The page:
Ostensibly, there are just 13 top-level root servers (though there may be more), all of which are controlled by the U.S. Department of Commerce, a historical legacy stemming from the Internet having been developed in the United States. Commerce has always intended to hand over control of the root DNS zones and other key functions to non-governmental hands – the original plan hoped for a transition by the year 2000. But that didn’t happen – and then 9/11 did happen – and the issue of “who controls the Internet” became politically heated.
It’s not as if the root DNS servers are in the basement of the Commerce Department, however. The agency contracted with ICANN (at no cost) to operate the root DNS zones, and ICANN in turn worked out a deal with VeriSign to handle operations. (VeriSign also runs the .com and .net registries under separate contracts.)
But the ultimate authority for the root DNS zones rests with the Commerce Department. For folks who have faith and confidence that the U.S. government will not interfere with the open operation of the Internet, this isn’t a problem. Folks who find themselves at odds with U.S. government policy or actions have never been comfortable with the arrangement.
Why is the U.S. giving up control?
Placing key Internet functions under the control of a single government is problematic. How confortable would American businesses – or the American government – be if the root DNS zones were under the control of the Chinese government? Or the Russian government? That’s the dilemma most of the world has been living with for decades. At any point, countries like Russia and China say, the U.S. government could arbitrarily use the root DNS zones as a vehicle for its geopolitical agenda, perhaps deciding that countries it believes restrict human rights or sponsor terrorism don’t deserve to be on the Internet.
So far, that’s never happened, and the U.S. government has largely stood aside on top-level domain controversies (like the creation of .ps for Palestine). Back in 2005, however, the Bush administration did use its authority to block the .xxx top-level domain (which eventually went live in 2011). There’s always a background concern that world events (consider what’s happening now in the Crimea) or a changing political landscape could lead the United States to abuse its position of power. Just last week, the chair of the Senate Commerce Committee, Sen. Jay Rockefeller (D-WV), lashed out at ICANN about a proposed .sucks top-level domain, calling it a “predatory shakedown.” Although Rockefeller is in favor of ceding U.S. authority to ICANN, the weight of the U.S. position in the current regime is obvious.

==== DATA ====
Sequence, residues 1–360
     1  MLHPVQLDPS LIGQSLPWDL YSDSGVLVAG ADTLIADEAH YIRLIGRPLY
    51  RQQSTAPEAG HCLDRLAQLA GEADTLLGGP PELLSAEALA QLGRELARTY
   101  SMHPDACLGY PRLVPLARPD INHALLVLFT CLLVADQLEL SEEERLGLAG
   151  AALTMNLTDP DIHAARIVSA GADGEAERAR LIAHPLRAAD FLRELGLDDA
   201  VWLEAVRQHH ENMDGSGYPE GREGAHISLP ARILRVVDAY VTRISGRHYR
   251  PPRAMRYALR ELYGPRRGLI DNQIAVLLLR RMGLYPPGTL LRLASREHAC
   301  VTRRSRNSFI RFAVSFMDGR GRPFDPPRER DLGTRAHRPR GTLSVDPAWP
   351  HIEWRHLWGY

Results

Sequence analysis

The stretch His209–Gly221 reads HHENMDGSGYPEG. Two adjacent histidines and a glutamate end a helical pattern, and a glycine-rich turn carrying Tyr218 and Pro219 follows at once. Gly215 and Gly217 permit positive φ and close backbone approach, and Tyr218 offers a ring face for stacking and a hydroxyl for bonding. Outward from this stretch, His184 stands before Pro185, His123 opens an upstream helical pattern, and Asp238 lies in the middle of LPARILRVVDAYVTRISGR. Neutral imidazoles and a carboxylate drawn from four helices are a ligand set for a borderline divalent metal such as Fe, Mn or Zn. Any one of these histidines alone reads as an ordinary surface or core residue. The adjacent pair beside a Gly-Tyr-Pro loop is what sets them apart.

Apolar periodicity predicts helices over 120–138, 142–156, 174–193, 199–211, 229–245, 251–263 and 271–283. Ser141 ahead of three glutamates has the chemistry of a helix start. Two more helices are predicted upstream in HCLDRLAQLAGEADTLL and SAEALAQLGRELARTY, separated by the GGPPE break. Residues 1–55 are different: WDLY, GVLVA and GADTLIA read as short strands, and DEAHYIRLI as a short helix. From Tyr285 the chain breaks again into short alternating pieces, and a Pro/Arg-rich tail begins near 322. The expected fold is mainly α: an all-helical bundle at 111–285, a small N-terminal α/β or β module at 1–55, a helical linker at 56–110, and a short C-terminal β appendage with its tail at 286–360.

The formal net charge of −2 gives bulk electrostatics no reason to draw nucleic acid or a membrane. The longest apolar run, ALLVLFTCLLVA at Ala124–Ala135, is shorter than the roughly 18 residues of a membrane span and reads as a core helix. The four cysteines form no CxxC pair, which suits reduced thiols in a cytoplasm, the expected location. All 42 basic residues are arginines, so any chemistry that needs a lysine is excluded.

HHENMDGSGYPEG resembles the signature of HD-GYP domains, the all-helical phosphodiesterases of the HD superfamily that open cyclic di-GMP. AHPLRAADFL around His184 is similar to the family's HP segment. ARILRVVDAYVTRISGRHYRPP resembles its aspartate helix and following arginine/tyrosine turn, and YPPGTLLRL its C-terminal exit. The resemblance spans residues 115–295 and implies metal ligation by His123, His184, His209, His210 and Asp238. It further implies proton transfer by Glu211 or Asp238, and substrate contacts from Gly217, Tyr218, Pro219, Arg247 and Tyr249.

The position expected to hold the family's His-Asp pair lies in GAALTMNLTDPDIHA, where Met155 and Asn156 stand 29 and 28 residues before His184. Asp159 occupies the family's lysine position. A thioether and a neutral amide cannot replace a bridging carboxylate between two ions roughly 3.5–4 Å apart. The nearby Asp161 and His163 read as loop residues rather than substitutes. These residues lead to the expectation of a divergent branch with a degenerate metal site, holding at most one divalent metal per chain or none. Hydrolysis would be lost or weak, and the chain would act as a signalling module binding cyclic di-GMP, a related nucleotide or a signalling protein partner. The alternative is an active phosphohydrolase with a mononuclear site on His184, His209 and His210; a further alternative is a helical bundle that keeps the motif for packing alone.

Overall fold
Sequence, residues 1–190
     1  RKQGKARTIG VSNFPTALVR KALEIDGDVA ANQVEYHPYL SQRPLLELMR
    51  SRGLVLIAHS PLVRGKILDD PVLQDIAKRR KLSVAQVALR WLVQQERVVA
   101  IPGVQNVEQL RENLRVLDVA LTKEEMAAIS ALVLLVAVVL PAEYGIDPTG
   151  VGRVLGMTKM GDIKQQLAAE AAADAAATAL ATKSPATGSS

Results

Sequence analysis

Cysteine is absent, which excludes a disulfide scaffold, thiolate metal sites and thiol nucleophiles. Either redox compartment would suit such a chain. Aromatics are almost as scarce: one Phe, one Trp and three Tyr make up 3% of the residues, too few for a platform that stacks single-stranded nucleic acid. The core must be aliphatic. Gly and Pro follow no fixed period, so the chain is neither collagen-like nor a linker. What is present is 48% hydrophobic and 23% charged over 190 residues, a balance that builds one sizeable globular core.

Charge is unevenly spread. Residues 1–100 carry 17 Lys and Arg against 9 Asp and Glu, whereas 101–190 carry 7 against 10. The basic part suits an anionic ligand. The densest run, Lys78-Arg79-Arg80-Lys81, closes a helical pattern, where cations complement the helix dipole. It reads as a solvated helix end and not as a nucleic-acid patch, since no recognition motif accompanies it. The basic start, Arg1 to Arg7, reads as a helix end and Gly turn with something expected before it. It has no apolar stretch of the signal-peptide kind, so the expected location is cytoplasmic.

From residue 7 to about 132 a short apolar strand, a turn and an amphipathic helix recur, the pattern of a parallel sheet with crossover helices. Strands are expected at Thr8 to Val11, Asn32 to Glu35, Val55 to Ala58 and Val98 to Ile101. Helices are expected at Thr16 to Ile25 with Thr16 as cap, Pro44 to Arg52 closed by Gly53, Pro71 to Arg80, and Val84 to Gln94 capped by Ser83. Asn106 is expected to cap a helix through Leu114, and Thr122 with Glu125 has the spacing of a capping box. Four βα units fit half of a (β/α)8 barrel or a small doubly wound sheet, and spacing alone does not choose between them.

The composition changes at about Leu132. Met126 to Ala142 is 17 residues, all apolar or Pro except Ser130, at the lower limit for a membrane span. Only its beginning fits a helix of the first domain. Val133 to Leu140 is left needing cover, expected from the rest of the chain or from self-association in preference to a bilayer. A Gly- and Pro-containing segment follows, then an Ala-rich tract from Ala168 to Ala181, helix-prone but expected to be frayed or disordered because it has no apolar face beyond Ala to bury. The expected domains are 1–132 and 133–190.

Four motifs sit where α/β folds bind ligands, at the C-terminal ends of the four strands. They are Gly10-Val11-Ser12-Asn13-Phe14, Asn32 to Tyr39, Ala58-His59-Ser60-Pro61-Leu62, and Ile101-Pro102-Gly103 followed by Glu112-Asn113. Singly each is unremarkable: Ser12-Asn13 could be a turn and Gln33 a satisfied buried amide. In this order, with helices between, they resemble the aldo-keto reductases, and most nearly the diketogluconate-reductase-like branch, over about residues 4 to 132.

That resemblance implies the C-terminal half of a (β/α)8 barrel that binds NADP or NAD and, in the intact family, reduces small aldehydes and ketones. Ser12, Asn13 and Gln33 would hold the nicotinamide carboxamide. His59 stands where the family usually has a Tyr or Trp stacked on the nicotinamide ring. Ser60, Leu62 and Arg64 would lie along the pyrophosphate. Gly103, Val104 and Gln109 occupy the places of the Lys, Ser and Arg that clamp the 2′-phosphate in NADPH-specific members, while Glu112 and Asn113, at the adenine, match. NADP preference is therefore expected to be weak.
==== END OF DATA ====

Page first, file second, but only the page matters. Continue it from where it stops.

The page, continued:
As a result, many countries have resisted participating in ICANN over the years, seeing it as little more than an organ for the U.S. government. Some have proposed the Internet be managed by a truly international body, such as the United Nation’s International Telecommunications Union. That effort was scuttled by the United States and its allies in 2012, but there’s still discontent, particularly in the wake of ongoing surveillance revelations spurred by Edward Snowden. Countries like Brazil have openly discussed forming coalitions to set up their own alternative root services, effectively creating their own internets – Brazil is hosting an ICANN conference on the topic next month. Russia, India, and the EU are mulling the same thing; China already exerts strong state control over the Internet in its borders.